Women are targeted and branded as ‘Witches’ for every calamity that befalls the village; be it death or drought or maybe even disease. Witch Doctors, also known as Ojhas or Bej (mostly men) undoes the supposedly evil influences of a witch. One word from an Ojha or Bej is enough for the villagers to gather as a mob and seek blood-thirsty violence and hunt a “witch”, usually a non-dominant caste woman and bring her to “justice”.
As per research conducted by Partners for Law Development patriarchy and superstitions are not the only reason behind this evil practice. Financial disputes, and other personal and social conflicts. More often than not, these conflicts arise out of jealousy or tension between the victim and their relatives, friends or acquaintances. Anyone who would like to settle a land or financial dispute or can settle on witch-hunting as a “solution”, especially if the victim is from a non-dominant caste. As one victim’s husband states, jealousy can be an important factor behind these lynchings.
Quoting an adolescent daughter of the victim of Witch Hunting, ‘I still see my mother’s murderers roaming freely in front of me. I feel scared while going to school.
There is no guarantee that the girl won’t have to suffer the same fate as her mother. She not only lost her mother but developed a constant fear for life. If the perpetrators can escape from the hands of the law once, will the second time be any different?
A law criminalizing witch-hunting was passed in the 1800’s, but the major population in India resisted it. They believed that this law would prevent them from punishing wrong-doers.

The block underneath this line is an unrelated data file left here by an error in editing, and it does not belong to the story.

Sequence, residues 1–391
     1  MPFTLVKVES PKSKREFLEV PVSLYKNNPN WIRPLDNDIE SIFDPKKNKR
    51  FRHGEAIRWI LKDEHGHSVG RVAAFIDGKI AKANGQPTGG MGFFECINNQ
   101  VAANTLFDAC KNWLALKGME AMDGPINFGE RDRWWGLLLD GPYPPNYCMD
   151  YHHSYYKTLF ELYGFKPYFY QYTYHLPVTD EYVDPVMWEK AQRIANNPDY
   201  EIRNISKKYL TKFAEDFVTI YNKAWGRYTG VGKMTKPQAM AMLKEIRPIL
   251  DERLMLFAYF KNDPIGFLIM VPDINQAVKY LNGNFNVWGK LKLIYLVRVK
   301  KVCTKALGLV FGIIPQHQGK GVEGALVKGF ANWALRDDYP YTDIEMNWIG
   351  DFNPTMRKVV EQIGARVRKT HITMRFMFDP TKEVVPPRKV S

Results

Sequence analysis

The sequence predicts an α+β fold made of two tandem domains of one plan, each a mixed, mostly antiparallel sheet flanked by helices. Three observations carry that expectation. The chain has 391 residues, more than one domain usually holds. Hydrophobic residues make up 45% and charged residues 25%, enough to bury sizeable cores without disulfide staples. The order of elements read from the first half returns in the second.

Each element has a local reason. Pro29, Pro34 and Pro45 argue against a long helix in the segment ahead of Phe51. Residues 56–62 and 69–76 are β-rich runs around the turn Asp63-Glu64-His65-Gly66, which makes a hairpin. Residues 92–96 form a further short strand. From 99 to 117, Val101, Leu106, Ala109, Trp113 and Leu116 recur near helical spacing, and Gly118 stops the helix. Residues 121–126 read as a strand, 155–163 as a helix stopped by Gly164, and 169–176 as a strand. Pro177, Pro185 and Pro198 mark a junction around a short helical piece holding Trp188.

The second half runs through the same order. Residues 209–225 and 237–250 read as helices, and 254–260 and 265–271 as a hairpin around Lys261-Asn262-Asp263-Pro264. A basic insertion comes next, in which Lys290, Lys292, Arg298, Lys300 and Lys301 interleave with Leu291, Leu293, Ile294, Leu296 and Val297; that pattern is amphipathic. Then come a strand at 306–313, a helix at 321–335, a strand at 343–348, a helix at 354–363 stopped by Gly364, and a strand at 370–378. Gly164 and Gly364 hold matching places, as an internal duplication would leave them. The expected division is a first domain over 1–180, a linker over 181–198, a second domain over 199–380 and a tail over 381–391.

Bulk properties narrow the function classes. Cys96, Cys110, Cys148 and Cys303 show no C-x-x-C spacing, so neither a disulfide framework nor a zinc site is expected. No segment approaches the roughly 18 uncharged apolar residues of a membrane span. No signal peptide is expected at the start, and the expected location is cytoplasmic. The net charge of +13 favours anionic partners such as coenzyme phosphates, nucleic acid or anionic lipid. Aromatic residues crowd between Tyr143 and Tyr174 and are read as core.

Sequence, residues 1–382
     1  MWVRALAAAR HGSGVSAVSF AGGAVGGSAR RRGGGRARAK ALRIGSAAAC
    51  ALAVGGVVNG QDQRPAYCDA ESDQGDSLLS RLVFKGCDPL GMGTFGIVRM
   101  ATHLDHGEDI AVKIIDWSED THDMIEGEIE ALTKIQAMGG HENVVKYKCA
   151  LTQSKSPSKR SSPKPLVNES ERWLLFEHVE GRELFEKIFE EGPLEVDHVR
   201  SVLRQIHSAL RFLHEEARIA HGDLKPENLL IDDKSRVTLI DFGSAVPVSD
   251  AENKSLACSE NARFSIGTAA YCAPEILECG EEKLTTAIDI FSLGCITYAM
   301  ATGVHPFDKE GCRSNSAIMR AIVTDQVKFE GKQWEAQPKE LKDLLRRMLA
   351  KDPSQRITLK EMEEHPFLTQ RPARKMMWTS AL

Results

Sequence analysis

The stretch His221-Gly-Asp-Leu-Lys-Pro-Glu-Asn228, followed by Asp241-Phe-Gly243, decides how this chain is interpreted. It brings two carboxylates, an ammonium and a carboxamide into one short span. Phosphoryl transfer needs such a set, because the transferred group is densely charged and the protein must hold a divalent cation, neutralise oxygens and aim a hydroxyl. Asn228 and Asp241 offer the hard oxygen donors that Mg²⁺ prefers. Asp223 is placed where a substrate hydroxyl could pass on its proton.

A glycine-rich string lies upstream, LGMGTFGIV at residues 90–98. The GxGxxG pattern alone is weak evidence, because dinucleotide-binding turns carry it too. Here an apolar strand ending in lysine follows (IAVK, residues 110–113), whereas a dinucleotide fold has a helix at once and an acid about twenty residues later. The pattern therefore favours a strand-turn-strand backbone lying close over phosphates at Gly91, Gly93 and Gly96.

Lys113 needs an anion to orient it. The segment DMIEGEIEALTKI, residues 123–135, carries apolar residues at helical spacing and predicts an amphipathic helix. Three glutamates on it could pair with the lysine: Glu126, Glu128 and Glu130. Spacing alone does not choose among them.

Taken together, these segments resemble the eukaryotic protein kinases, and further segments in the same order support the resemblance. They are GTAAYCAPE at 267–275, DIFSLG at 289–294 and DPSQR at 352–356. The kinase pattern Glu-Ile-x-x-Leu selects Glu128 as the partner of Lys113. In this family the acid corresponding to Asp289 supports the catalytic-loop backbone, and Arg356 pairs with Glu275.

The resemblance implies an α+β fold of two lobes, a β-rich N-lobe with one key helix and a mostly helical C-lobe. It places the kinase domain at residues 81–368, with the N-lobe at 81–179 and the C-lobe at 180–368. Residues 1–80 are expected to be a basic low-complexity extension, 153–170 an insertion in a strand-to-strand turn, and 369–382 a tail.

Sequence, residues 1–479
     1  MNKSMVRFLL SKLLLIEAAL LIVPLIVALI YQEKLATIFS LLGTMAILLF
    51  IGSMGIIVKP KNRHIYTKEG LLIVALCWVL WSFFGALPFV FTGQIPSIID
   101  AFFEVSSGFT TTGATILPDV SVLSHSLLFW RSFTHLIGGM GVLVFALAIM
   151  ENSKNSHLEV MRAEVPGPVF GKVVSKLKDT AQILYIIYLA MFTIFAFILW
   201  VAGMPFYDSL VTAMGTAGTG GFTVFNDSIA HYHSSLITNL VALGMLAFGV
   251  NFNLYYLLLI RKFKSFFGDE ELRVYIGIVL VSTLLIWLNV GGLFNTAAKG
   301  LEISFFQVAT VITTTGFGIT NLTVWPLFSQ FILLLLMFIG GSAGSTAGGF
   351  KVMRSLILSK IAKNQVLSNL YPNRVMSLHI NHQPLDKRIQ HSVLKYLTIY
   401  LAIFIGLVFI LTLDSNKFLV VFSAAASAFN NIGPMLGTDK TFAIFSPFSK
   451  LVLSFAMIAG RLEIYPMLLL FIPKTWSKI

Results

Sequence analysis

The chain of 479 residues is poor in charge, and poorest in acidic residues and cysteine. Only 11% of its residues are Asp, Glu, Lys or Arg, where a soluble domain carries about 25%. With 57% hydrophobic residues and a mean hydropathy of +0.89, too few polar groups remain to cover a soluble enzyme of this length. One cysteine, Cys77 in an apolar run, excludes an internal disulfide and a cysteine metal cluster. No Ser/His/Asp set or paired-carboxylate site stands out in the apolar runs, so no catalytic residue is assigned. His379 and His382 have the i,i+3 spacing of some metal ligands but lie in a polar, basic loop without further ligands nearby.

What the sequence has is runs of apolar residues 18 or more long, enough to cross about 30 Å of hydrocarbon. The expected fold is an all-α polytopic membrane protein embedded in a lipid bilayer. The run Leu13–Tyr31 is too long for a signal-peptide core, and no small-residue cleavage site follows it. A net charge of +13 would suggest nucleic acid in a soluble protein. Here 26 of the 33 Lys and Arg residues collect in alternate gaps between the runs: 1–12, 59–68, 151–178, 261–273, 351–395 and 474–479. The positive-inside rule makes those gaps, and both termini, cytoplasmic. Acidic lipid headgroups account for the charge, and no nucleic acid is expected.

Witch Hunting or Daayan Pratha is practiced all over the world but majorly spread across over 12 states in our country but only 7 states so far have formed laws criminalizing the practice, namely Jharkhand, Bihar, Chhattisgarh, Maharashtra, Rajasthan and Assam. Gujarat is not one among these states and women there are using their resources to fight back.
“We protect each other. It’s how we find strength,” one of them says. The women in Gujarat are learning the law and demanding a desk in the local police stations so they can advocate for women who walk in to report violence and be the voice for the voiceless.
In 1999, Bihar introduced the Prevention of Witch (Daain) Practices Act, which was adopted by Jharkhand as the Prevention of Witch-hunting (Dayan Pratha) Act.
The Jharkhand Anti-Witchcraft Act 2001 makes Witch hunt cognizable and non-bailable. A short prison term of 3 to 6 months along with a penalty of just Rs 1000 to Rs 2000 is hardly enough to mitigate such a deep-rooted evil that subjugates women for personal interests. Section 3, 4, 5 and 6 of the concerned Act talks about the punishment which will be granted if any-one identifies someone as a witch, tries to cure the witch and any damages caused to them. Whereas Section 7 states the procedure for trial.
In contrast, the Chhattisgarh Witchcraft Atrocities (Prevention) Act, 2005 has stricter punishments but cases usually remain pending in the court or aren’t reported in the first case, and the life of victims after their perpetrators are punished remains tough and full of social disgust, without compensation.
Maharashtra had announced its progressive Anti-Superstition and Black Magic Act in 2013. In 2015, The Rajasthan Prevention of Witch-Hunting Act imposed incarceration up to 7 years, extending up to life term, with a fine not less than Rs 1 lakh, or both.
The Assam Witch Hunting (Prohibition, Prevention and Protection) Act, 2015, makes the practice cognizable, non-bailable and non-compoundable, followed by imprisonment of 7 years and a fine up to Rs. 5 lakhs for terming a woman as ‘Witch’.